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Regional trumps organic – the Bundesehrenpreis for fuit juices and spirits
Testing what’s good: The DLG (German Agricultural Society) tests bakery products, dairy products, meat and sausage products – and, of course, beverages. Together with the BMEL (German Ministry of Food and Agriculture), it presents the annual Bundesehrenpreis awards – bronze, silver and gold – to companies that produce particularly good products in different areas, including wine, beer, fruit juices and spirits. The last category is the most recent Bundesehrenpreis, and has been awarded at BrauBeviale 2019.
Trend scouting: fruit juice and spirits
Small manufacturers often have the edge
In various segments of the beverage industry, trends and opportunities can also be seen in the winners of the annual Bundesehrenpreis awards, which are awarded by the German Agricultural Society (DLG). Thomas Burkhardt is the head of the Beverages division at the DLG Test Centre for Foods, and as such he has been closely observing what is happening in each individual segment for years.
Whether it’s alcoholic or non-alcohol beverage producers, we basically see the same major trends and topics: organic, regional, the ‘craft’ concept, sustainability and packaging. It's exciting to see who knows how to make the most of this change: often it's the smaller producers who have the edge – whether they're making apple juice or distilling cherry brandy.
Mr Burkhardt, to what extent have the award winners and perhaps even the fruit juice and spirits sectors changed since you’ve been presenting the Bundesehrenpreis?
Burkhardt: Especially in the spirits sector, the ‘craft’ element has been very strong for a few years now. It is playing an increasingly important role in marketing, especially among small- and medium-sized companies.
But it has actually also changed the market and the products that are available. In the last five or six years, many German whiskies have been released. And in the last three years, so have gins – in the most diverse range of varieties. It goes without saying that the DLG looks closely at this and differentiates accordingly.
In what way?
Burkhardt: Not every product that is called a gin today is actually a gin. We check whether the product fulfils the basic requirements of what constitutes a genuine gin. Amongst other things, gin is characterised by a distinct juniper note, and this is particularly important. So, when we check the products that have been submitted, we make sure that the juniper is clearly noticeable in the finish.
In other words, a gin with a strong orange note masking the juniper, for example, couldn’t ever win the Bundesehrenpreis?
Burkhardt: Right, because according to the relevant EU regulation, gin is a spirit with a recognisable juniper taste. That is why we also check for this as part of the sensory evaluation. All Bundesehrenpreis awards in the beverages sector are determined on the basis of the DLG test, which was very important for the German Ministry of Food and Agriculture when it decided to award these prizes.
In the DLG test centre, it’s not only sensory evaluations that are made. We don’t just look at whether something tastes good – we also carry out analytical testing of the products. This is all about safety and security of declarations. Whether what’s written on the label is actually what’s inside – and vice versa. This is becoming increasingly important these days.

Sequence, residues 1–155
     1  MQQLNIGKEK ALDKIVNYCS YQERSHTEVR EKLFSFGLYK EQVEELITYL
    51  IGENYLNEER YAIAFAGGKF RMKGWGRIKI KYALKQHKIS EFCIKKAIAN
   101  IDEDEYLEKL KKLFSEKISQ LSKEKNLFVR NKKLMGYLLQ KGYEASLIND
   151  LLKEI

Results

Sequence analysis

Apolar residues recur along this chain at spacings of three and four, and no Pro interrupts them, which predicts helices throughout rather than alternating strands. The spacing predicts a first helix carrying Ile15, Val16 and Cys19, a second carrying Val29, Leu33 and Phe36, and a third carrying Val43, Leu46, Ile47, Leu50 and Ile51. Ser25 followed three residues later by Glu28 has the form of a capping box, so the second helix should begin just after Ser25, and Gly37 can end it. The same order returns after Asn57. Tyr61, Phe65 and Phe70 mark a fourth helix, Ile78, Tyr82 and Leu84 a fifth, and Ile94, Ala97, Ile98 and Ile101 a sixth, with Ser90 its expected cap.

We’ve heard of craft beer and craft spirits. Are craft winemakers and craft fruit juice producers coming next?
Burkhardt: Maybe not directly, but in a way, this branch is playing a role everywhere: the wave of craft producers has helped to increase consumer awareness. The enthusiasm for craft production and for regional sourcing, which is often closely linked to the craft movement, has almost overtaken the trend for buying organic.
The unique artisan character of a business, smallish structures and something that I simply refer to as a ‘home’ can all be conveyed extremely easily and obviously go down very well with consumers. This works especially well for fruit juices.
Why is that?
Burkhardt: For example, you can explain how locally grown fruit is used. Producers can shine a light on their harvest, show their meadows with fruit trees – that’s a good story that currently markets very well. It’s different from how it was ten years ago. The media environment has changed accordingly.
In the last decade, some companies have perhaps undergone a generation shift. Can that also influence these changes?
Burkhardt: Absolutely. After all, the younger generation also needs to find a way of differentiating itself from its predecessors. And as we’re seeing, they also like to take up issues of sustainability, the environment and conservation of resources. That makes sense too, because it’s also about their future – and that of their customers.
Do long-established, traditional companies have a disadvantage compared to start-ups, which perhaps compete more with spirits and less in the fruit juices sector?
Burkhardt: Not necessarily. Traditional companies can show how they embody tradition and really live it, whilst still using modern and environmentally friendly production techniques, for example. They can highlight the energy efficiency of their operations. There are a few examples that show that this is well received by customers.
Alternatively, they focus on transport and packaging. Specifically, in the fruit juice sector, the question of glass or plastic comes up often. The exciting thing is that smaller companies have an advantage here. Medium-sized companies with direct marketing can implement glass more easily than large companies that go through traders and distributors. In this respect, the market has certainly changed in recent years for all companies.